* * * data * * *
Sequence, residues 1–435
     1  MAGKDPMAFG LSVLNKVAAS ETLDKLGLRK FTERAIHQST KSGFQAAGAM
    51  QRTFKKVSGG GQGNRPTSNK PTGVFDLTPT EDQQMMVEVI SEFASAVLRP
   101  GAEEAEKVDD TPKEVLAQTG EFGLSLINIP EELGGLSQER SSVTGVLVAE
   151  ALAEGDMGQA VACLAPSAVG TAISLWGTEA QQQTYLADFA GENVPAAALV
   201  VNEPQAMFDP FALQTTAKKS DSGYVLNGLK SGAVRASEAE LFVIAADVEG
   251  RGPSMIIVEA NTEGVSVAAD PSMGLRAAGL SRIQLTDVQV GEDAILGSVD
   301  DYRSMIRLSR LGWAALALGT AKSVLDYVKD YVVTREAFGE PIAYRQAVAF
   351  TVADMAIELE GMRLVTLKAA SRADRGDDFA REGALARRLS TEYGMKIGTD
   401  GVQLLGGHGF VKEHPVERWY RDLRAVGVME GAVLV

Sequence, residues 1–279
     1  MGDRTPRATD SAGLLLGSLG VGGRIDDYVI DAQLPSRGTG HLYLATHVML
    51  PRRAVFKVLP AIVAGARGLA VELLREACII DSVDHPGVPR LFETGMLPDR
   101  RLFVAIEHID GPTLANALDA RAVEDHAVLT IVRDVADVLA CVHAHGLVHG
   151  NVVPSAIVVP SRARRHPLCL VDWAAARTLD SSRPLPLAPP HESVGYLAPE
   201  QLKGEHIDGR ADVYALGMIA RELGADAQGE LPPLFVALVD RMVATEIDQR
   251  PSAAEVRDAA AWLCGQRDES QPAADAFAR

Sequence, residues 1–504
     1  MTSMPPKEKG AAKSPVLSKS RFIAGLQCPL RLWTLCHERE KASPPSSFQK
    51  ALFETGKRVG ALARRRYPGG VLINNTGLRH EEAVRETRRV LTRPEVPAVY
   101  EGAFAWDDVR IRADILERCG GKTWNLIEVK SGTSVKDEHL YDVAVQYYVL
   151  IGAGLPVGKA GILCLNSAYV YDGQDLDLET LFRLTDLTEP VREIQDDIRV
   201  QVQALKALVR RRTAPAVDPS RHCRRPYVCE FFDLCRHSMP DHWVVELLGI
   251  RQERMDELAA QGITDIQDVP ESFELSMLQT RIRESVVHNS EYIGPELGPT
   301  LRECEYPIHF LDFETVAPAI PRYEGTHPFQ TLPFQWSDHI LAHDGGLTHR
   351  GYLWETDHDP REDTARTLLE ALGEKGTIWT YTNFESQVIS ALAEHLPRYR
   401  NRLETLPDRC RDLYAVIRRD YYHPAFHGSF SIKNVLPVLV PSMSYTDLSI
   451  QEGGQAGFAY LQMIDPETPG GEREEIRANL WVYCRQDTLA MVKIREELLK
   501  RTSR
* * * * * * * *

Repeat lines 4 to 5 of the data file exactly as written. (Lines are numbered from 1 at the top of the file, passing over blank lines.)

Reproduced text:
   101  GAEEAEKVDD TPKEVLAQTG EFGLSLINIP EELGGLSQER SSVTGVLVAE
   151  ALAEGDMGQA VACLAPSAVG TAISLWGTEA QQQTYLADFA GENVPAAALV